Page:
Ohio has a somewhat ambivalent outlook on telemedicine. The State of Ohio does embrace it, even to a greater extent than most other states. Ohio’s definition of telemedicine includes behavioral therapy, school-based speech therapy, and pharmacological management.

At the same time, Ohio has yet to enact a parity law. The parity law was proposed several years ago for both private insurance and Medicaid, but it did not pass. Nevertheless, a good number of insurance companies cover telemedicine services even though they are not obliged to do so by law. 

Another curiosity regarding telemedicine in Ohio is the fact that it’s not a member of the Interstate Medical Licensure Compact, but it is simultaneously quite lenient toward out-of-state telemedicine and telehealth providers. 

Telemedicine in Ohio isn’t exclusively limited to healthcare providers licensed to practice medicine in the state. Ohio offers special permits to out-of-state providers that enable them to provide remote healthcare services to Ohioans. 

Ohio telemedicine definition

The policies, rules, and regulations regarding telemedicine in Ohio were first introduced by the State Medical Board of Ohio in response to a large number of inquiries the Board received from both providers and patients.

Technological advancements and innovations have made it possible for healthcare professionals to provide medical care to patients remotely. Upon meeting with interested parties, the Board considered remote services as a viable alternative to in-person medical care and sought to provide a framework for practicing telemedicine.

In 2012, the State Medical Board of Ohio concluded that telemedicine is a “potentially useful tool” that could provide various benefits to patients in the state. These benefits include:

  1. Improved accessibility of healthcare
  2. Higher utilization of specialty expertise
  3. Increased availability of patient medical records
  4. Potential cost reduction of patient care

The Board defines telemedicine as the practice of medicine in the State of Ohio through any type of communication—be it oral, written, or electronic—by a physician located outside of the state. 

The wording may be a bit confusing at first, given that it emphasizes that remote healthcare services are provided by a physician located outside of Ohio. At first glance, it may appear that the State of Ohio views telemedicine as a way to combat the shortage of medical staff—primarily specialists—and that Ohioan healthcare providers still have to deliver the services in person.

That isn’t entirely true. The Board also states that physicians in Ohio can rely on telemedicine to examine and diagnose patients through oral, written, and electronic communication without having to obtain a special telemedicine certificate. 

Please note that the Board exclusively mentions physicians here, implying that other healthcare professionals are prohibited from leveraging telemedicine in Ohio. 

This was the original outlook on telemedicine in Ohio. Since 2012, multiple changes have been made to expand the use of telemedicine in the state, primarily by Medicare and Medicaid programs. Given that Ohio does not have a telemedicine parity law, we’ll take a look at the policies, rules, and regulations enforced by the Board and Medicaid, respectively. 

State Medical Board of Ohio telemedicine policy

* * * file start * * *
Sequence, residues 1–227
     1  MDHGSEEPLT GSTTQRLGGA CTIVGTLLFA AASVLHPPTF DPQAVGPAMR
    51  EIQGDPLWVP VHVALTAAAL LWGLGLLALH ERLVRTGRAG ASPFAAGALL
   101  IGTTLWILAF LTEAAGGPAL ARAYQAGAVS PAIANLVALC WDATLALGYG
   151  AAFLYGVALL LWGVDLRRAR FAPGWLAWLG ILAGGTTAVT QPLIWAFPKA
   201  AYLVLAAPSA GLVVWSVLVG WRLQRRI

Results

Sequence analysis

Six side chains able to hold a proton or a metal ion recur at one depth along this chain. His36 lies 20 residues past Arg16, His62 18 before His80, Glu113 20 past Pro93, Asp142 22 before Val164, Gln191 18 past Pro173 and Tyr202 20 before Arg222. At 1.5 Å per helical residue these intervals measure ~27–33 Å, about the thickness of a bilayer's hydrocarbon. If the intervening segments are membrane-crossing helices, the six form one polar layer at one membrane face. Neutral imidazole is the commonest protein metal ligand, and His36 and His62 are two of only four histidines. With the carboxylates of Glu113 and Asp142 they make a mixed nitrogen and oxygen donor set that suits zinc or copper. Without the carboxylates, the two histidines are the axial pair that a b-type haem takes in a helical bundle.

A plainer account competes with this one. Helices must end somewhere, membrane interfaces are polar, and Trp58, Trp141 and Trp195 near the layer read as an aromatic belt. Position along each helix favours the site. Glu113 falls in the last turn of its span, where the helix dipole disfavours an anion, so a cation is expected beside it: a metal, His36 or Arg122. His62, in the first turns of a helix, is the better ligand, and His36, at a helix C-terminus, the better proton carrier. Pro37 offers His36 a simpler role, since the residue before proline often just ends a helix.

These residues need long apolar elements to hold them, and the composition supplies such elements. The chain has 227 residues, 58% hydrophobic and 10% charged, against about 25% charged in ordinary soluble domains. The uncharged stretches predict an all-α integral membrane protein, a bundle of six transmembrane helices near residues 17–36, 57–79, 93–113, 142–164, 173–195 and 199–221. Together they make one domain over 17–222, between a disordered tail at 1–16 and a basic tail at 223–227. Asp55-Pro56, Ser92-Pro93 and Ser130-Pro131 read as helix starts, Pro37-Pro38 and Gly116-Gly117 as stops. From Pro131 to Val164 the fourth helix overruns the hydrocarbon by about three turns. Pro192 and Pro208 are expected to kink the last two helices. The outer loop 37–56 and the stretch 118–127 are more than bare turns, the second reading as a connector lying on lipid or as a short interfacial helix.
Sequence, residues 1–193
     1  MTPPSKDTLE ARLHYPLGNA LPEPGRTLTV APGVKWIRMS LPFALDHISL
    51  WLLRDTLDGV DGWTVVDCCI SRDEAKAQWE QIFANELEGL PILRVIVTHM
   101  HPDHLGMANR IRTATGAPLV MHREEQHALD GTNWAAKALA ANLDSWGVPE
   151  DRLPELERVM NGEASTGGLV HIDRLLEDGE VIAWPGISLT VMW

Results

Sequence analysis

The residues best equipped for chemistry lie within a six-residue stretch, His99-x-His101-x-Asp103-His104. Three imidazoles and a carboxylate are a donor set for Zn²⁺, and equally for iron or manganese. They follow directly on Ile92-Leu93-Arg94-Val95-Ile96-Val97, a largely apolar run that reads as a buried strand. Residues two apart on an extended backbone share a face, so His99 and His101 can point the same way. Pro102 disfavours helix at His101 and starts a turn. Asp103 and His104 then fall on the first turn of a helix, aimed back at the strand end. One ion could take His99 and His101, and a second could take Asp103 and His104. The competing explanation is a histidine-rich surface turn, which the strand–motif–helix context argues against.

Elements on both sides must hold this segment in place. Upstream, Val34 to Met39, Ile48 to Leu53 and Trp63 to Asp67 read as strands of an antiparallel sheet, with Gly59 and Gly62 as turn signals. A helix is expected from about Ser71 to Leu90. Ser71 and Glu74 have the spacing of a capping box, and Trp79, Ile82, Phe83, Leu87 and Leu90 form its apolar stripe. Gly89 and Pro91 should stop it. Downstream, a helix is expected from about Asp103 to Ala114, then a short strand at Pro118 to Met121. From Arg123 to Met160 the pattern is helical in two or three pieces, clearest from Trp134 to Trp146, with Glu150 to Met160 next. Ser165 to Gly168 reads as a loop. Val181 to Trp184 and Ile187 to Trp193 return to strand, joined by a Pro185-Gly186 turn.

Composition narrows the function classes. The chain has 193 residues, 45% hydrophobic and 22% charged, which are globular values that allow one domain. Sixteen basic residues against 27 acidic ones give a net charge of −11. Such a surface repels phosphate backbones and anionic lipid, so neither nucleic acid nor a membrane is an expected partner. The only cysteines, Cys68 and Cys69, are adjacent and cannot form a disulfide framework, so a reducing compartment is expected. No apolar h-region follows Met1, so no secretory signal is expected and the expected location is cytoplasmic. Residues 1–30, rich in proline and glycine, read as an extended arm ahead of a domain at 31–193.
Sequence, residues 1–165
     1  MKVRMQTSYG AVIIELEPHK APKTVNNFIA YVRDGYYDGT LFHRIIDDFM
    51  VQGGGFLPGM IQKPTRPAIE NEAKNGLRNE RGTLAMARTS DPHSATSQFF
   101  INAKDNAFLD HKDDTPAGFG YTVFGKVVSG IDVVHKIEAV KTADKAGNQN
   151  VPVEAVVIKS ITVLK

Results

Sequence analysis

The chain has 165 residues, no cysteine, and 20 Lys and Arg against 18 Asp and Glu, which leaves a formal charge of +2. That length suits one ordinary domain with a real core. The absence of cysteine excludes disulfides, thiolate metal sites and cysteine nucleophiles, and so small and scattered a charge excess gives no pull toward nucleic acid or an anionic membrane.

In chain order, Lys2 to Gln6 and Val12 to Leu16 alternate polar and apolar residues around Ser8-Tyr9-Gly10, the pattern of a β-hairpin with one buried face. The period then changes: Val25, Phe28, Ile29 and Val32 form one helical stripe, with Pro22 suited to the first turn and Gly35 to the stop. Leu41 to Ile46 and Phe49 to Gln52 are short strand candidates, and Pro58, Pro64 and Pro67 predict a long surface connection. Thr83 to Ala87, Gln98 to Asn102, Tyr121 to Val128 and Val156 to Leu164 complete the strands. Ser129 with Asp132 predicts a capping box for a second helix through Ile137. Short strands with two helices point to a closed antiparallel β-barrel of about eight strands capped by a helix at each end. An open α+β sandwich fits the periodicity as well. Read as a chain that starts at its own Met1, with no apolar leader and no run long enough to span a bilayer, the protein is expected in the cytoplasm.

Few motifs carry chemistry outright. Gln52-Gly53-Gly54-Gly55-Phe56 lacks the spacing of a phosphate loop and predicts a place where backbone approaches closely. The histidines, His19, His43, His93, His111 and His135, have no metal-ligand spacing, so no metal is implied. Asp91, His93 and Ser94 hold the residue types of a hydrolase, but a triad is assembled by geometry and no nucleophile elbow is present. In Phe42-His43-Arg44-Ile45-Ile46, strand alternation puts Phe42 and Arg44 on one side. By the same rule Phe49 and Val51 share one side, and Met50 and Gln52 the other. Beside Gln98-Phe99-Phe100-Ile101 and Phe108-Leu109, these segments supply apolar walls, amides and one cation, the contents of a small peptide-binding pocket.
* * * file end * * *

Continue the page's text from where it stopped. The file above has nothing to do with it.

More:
The Board’s main concern regarding telemedicine is the quality of medical care provided. That’s why it highlights that all licensees practicing telemedicine in Ohio will be held to the same standards of care as those delivering medical aid in-person. The Board also warns that failure to comply with these standards may result in disciplinary measures.

To ensure patients receive adequate medical care when treated remotely, the Board has provided guidelines that all licensees practicing telemedicine in Ohio need to follow. 

The guidelines include:

  1. Staff training
  2. Licensee-patient relationship
  3. Examinations
  4. Prescriptions
  5. Medical records
  6. Licensure

Staff training

The Board states that healthcare facilities providing telemedicine services should ensure that their staff involved in this practice is properly trained and competent. 

The Board doesn’t give any recommendations regarding the types of solutions that should be used to deliver remote healthcare services, nor does it define the modalities of telemedicine. 

Given that the telemedicine definition provided by the Board includes all types of communication, it’s safe to assume that physicians can rely on whichever solution they deem fit to provide telemedicine services. This may include:

  1. Phone consultations
  2. Email
  3. Other forms of audio-only communication
  4. Live two-way video communication.

One thing to keep in mind is that, whatever form of communication you rely on to deliver remote healthcare services to patients, you have to ensure that it’s fully HIPAA compliant. This means you can’t simply use your practice’s Gmail account to share protected health information (PHI)—you must first sign a Business Associate Agreement (BAA) with Google and properly configure the email to ensure that the sensitive medical information is fully encrypted.

If you’re looking for a fully HIPAA compliant telemedicine solution that you can utilize in Ohio, Curogram is the perfect solution. Our platform comes with built-in safeguards and complies with all HIPAA rules, allowing you to communicate with patients, share PHI, and host virtual appointments in a 100% secure environment. 

Licensee-patient relationship

Once more, the wording by the State Medical Board of Ohio leaves its policy regarding licensee-patent open to interpretation. The Board does state that licensees must have a way of determining the identity of the patient prior to providing telemedicine services and that they need to maintain a complete medical record for every patient admitted remotely.